We’ve already seen an over-abundance of area burned by wildland fires in the U.S. As bad as it’s been in the western states, it’s been even worse in Alaska. And Canada has, unfortunately, had to write a new record book.
Here’s the area burned (in millions of acres) for each year from 1960 through 2014, which does not include this year (data from NIFC, the National Interagency Fire Center):
It shows a significant upward trend over time; wildfire in the U.S. is getting worse.
But it doesn’t show this year, because the year isn’t over yet. NIFC does, however, provide data for year-to-date area burned, but only since 2005. Let’s add that to the graph:
It’s been pretty high this year, in fact we’ve already suffered more area burned that the whole-year average from 1960 through 2014.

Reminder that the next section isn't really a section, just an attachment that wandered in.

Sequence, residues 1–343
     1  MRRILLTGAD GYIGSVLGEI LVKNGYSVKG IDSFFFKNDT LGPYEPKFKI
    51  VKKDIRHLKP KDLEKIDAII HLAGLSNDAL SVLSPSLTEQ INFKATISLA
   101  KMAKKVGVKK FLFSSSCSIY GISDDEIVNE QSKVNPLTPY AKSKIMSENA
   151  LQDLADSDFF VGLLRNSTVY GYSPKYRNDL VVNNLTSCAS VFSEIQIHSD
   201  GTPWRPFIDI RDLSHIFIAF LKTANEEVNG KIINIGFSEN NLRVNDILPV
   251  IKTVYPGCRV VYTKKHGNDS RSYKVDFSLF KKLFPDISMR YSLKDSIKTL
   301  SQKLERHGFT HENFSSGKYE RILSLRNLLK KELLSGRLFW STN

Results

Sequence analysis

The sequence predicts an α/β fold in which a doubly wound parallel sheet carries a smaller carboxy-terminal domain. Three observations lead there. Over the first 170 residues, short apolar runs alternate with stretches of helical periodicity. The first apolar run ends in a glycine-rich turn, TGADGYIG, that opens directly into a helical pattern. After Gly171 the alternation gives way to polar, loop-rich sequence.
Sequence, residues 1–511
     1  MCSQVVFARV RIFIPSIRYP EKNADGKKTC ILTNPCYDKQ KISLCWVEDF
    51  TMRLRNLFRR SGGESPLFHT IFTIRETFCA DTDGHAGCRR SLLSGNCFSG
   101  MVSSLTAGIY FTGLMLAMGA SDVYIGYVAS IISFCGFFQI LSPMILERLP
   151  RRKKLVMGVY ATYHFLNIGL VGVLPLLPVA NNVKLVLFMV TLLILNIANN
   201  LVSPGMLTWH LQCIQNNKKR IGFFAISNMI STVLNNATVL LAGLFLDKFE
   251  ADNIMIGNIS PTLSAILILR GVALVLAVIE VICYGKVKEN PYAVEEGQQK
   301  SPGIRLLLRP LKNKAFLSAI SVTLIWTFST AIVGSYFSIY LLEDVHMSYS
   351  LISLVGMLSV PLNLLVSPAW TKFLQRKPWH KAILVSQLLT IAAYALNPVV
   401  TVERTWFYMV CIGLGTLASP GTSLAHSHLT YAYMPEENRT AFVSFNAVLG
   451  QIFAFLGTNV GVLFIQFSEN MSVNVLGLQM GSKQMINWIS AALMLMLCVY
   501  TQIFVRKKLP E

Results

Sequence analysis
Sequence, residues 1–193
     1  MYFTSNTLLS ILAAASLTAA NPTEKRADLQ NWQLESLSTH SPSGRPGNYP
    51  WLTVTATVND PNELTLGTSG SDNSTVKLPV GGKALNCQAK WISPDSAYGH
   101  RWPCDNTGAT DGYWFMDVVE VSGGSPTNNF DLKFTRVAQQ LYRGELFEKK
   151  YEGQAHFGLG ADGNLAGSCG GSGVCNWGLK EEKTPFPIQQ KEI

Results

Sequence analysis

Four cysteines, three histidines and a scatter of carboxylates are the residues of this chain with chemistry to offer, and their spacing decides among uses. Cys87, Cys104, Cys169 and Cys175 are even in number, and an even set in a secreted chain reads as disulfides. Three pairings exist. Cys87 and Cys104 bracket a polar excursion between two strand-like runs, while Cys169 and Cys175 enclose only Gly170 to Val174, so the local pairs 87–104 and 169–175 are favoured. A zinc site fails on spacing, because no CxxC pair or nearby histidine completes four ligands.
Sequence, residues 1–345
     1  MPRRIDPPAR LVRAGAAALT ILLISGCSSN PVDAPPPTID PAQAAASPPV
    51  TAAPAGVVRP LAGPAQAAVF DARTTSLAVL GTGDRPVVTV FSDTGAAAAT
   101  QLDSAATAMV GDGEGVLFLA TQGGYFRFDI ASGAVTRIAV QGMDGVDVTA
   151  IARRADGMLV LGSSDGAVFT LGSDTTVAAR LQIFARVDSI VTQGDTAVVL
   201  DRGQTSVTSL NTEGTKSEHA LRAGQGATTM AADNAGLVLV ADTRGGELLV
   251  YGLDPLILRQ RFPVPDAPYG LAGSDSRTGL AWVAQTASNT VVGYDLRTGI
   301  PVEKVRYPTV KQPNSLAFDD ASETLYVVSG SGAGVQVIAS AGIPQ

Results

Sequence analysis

If we compare the area burned before July 17 to that burned after, there are hints but no obvious relationship:
Linear fits (both parametric using least squares, and non-parametric using Theil-Sen) again show hints, but without a statistically significant relationship. I guess that’s to be expected when one only has data since 2005.
Any way you look at it, we can expect more wildfire this year. Not only California, but much of the west is under the thumb of drought. Probably worst is the fact that the snowpack in the west is tremendously low. Snowpack is a crucial source of water in western states, but it’s simply not there this year.
We can certainly expect this year to be a big wildfire season, possibly a record-setter (but prediction is hard, especially about the future). It will be (already has been) a severe strain on firefighters and resources, and a terrible drain on our economy because fighting so much wildfire costs money. And, even with the best — our firefighters — you can’t stop all wildfires from destroying homes and businesses, and taking lives. What’s the price tag on that?